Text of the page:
Social Critic, Historian and much more, Howard Zinn, dead aged 87

Yesterday, the United States lost one of it’s finest citizens. Howard Zinn was an American Historian and a professor emeritus at Boston University Political Science Department. Author of many books, including the best seller, A People’s History of the United States. While traveling in California, Zinn died of an apparent heart attack.

In A People’s History . . . Zinn’s prose was not flowery, and was not peppered with the heroic nature, common to most books on American history. He painted a picture of the plights of the native Americans when the first settlements by Europeans were formed, early slavery and the desperate lives of many of the people. The heroes of his book were not the Founding Fathers, which again, bucks the trend in more conventional history books.

His opinions on many aspects of early American life drew criticism from many of his contemporaries, but this book has been in print since 1980.

During World War II, he served as a bombardier, was awarded the Air Medal, and attained the rank of second lieutenant. After the war, Dr. Zinn worked at a series of menial jobs until entering New York University on the GI Bill as a 27-year-old freshman. He worked nights in a warehouse loading trucks to support his studies. He received his bachelor’s degree from NYU, followed by master’s and doctoral degrees in history from Columbia University.

His education, combined with his experience during the war, shaped him into an activist. He was against every war from Korea, to the present day. He campaigned for civil rights for African-Americans and all women, and was deeply critical of every administration he lived under. He saw the United states as an imperial power and saw the tax code as an attack on the working people of America.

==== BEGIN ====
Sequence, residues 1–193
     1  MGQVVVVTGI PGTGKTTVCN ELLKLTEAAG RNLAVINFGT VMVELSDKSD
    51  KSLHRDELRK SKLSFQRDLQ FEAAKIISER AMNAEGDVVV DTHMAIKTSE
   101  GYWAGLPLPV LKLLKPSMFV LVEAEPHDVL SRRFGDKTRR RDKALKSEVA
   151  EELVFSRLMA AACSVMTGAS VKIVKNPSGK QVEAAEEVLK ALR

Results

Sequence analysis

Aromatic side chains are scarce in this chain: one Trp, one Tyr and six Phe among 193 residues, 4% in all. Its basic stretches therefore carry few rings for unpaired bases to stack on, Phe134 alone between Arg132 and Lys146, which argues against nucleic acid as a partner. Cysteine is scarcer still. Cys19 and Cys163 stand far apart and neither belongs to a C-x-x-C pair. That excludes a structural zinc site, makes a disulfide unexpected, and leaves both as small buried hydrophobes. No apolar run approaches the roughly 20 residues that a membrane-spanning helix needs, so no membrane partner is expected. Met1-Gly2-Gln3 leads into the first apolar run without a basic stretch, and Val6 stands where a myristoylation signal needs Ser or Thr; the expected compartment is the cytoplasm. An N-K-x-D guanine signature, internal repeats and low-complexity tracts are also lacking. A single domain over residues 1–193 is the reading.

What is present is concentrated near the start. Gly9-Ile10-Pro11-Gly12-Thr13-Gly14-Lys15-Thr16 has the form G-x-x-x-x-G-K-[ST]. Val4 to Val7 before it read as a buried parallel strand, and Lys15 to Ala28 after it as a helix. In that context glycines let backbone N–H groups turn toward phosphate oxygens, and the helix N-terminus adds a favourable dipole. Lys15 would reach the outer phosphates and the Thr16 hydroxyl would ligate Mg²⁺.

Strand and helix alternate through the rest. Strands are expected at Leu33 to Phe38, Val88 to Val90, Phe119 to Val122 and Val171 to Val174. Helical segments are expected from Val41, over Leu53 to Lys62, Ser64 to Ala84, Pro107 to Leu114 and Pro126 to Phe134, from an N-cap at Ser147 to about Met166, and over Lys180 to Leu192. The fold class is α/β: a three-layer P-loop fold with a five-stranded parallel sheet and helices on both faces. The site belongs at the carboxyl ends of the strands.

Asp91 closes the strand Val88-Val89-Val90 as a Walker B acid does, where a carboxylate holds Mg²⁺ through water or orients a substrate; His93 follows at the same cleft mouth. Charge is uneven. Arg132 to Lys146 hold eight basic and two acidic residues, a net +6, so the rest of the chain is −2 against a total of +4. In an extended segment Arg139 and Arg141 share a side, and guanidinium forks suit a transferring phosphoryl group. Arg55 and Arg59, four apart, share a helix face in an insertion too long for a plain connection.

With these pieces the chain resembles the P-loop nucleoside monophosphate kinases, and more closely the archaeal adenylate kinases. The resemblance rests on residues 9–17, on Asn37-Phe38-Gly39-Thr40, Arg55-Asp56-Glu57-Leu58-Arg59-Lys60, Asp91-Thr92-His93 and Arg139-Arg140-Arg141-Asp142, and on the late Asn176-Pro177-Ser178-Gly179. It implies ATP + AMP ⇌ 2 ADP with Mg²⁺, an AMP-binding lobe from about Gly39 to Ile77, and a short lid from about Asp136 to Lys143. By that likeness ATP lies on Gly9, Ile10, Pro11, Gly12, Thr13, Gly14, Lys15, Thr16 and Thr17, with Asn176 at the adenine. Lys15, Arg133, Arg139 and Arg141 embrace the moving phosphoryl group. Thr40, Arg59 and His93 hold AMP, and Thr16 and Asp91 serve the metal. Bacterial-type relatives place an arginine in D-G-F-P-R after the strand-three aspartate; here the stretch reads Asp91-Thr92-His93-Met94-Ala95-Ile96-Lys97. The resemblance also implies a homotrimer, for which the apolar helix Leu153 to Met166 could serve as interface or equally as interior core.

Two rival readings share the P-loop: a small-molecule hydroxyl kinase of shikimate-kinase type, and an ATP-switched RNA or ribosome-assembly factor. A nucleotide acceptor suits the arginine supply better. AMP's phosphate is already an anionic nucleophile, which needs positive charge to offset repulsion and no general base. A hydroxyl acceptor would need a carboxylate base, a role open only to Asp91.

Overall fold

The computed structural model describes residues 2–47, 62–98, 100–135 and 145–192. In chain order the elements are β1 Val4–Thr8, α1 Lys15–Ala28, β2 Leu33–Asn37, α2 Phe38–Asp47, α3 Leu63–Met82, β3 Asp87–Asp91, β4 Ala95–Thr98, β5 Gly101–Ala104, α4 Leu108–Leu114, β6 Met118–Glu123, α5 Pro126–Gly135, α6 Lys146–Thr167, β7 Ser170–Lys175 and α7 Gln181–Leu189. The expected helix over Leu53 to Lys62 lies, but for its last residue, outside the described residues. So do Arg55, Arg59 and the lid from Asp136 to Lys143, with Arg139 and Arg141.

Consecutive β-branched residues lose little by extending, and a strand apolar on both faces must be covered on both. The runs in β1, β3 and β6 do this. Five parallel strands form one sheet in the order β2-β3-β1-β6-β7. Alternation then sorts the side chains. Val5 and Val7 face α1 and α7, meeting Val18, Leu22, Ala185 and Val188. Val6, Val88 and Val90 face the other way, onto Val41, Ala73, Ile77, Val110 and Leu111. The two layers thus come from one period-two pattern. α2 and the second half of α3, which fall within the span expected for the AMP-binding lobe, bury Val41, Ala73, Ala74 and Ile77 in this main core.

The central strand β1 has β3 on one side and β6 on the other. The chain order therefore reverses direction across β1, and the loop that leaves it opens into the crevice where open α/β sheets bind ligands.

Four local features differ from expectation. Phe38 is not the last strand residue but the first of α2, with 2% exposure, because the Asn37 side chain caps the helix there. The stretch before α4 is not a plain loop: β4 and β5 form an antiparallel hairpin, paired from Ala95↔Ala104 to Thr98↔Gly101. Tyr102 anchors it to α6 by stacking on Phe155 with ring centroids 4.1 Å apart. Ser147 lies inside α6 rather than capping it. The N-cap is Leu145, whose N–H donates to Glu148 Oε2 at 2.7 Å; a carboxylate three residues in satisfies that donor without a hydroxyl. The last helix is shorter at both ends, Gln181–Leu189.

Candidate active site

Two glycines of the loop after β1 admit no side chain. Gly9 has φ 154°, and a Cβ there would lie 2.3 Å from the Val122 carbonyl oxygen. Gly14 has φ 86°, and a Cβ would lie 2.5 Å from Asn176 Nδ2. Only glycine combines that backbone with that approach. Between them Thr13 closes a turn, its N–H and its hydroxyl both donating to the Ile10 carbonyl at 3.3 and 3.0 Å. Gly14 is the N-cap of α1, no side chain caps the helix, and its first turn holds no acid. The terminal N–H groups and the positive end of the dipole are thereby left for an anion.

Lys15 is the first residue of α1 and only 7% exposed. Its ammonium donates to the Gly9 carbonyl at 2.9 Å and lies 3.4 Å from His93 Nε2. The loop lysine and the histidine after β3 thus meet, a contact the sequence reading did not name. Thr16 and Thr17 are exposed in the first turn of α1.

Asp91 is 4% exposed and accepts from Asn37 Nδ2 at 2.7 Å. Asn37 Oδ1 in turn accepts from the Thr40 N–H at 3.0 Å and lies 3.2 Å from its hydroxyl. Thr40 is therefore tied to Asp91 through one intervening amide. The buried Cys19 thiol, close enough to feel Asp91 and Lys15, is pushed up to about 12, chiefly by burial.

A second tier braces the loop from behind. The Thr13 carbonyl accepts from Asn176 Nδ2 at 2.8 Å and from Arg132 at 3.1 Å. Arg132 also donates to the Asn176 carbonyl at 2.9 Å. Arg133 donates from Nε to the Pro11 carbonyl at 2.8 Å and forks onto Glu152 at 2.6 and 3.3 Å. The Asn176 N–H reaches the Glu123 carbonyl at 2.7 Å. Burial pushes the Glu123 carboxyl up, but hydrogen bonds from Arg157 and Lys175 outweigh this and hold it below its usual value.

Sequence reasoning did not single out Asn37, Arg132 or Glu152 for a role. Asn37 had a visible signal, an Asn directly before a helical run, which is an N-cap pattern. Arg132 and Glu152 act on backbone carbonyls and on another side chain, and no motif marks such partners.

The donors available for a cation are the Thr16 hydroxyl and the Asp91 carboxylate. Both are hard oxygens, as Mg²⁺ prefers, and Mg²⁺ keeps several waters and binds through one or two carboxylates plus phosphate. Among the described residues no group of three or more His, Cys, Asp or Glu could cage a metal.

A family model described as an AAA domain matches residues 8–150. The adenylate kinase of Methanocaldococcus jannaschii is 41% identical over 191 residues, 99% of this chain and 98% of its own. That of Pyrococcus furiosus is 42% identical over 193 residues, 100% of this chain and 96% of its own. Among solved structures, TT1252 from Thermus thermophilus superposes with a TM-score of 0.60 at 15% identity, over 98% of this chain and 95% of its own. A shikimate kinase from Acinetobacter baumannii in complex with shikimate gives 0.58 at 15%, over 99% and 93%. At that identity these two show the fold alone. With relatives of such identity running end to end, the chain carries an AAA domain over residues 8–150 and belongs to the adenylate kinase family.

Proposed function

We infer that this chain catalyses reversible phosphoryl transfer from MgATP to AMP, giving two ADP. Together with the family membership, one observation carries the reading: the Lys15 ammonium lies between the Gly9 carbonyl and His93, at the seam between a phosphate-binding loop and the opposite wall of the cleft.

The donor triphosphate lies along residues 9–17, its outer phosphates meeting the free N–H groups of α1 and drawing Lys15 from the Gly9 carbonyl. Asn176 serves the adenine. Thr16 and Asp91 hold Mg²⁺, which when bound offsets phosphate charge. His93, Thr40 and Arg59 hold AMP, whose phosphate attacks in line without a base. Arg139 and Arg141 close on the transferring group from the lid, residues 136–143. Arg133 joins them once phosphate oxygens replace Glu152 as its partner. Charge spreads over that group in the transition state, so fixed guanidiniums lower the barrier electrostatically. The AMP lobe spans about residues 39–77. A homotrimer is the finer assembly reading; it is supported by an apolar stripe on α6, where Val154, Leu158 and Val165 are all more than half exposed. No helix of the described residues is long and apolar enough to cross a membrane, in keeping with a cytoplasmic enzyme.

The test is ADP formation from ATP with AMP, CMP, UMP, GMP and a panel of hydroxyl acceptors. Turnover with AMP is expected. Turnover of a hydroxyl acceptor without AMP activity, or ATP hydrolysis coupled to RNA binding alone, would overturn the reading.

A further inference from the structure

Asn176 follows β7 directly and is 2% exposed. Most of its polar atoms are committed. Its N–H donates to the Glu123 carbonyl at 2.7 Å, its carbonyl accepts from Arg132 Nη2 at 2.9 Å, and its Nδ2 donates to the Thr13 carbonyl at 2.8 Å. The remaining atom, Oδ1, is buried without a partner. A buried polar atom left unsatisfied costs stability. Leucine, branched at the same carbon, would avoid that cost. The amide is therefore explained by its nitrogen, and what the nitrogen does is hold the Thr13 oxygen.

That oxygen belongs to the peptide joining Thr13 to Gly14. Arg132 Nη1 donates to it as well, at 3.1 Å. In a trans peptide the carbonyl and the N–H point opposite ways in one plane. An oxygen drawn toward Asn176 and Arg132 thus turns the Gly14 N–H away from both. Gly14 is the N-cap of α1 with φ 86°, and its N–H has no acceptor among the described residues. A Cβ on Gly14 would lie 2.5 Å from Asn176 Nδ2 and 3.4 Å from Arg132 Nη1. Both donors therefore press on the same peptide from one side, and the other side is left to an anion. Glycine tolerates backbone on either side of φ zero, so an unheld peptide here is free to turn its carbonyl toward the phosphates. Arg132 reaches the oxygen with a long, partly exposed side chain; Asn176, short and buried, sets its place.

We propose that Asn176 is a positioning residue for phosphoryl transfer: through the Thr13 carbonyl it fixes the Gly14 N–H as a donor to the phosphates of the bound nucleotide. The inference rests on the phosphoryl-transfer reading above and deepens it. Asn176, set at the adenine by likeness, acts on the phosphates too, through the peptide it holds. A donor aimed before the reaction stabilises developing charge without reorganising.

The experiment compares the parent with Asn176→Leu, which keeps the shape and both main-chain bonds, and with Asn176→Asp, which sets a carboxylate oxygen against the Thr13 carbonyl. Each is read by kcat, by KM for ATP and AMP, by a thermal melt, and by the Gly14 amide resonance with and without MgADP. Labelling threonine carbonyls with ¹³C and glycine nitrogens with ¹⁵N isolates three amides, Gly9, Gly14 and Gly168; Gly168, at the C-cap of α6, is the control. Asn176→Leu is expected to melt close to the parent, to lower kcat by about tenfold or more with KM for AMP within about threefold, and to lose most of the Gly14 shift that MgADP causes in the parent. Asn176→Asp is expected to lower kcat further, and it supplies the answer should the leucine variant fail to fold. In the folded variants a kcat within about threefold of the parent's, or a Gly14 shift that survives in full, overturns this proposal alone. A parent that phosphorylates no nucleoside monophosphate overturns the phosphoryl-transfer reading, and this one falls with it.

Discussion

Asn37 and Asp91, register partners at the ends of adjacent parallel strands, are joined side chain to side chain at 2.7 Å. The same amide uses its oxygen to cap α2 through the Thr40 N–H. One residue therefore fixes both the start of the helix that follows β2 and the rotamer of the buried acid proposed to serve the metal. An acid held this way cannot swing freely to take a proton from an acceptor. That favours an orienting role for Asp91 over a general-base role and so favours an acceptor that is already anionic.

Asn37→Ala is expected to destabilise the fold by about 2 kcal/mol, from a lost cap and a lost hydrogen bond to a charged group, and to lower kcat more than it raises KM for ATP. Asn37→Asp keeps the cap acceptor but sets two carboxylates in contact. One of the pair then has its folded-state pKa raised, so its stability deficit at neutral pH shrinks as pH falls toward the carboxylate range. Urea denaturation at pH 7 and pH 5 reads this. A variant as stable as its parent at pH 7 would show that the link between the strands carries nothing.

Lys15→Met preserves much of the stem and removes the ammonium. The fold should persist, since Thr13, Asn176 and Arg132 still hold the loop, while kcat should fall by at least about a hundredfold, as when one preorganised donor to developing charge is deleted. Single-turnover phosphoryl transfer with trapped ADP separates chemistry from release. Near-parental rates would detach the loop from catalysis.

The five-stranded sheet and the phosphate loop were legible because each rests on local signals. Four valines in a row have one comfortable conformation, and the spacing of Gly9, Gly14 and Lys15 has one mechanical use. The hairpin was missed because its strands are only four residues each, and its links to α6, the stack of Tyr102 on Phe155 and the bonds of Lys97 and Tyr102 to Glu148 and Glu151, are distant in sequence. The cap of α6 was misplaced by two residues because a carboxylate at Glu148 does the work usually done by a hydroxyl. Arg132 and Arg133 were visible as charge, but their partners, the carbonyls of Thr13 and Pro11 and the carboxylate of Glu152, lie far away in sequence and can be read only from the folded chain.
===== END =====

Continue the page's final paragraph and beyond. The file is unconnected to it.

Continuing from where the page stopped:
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Posted by on January 28, 2010. Filed under Commentary. You can follow any responses to this entry through the RSS 2.0. Both comments and pings are currently closed.
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20 Responses to Social Critic, Historian and much more, Howard Zinn, dead aged 87

  1. MadMike

    January 28, 2010 at 11:58 am

    He was quite a guy Holte. The world will miss him.

    • Holte Ender

      January 28, 2010 at 12:15 pm

      MIKE – The question is, who will take his place?

  2. Stimpson

    January 28, 2010 at 11:59 am

    Thanks for fleshing out the story, Holte. Zinn’s principles and passion made him one of the United States’ most admirable citizens, IMO.

    • Holte Ender

      January 28, 2010 at 12:16 pm

      STIMPSON – As soon as I posted I saw you had too, still you can’t say enough about about people like Howard Zinn.

  3. Tom Harper

    January 28, 2010 at 12:44 pm

    Thanks for this post. I never knew anything about him other than his “People’s History of the United States.” Ironically, I didn’t hear of him until I saw a column by Dennis Prager, ranting and fuming about him.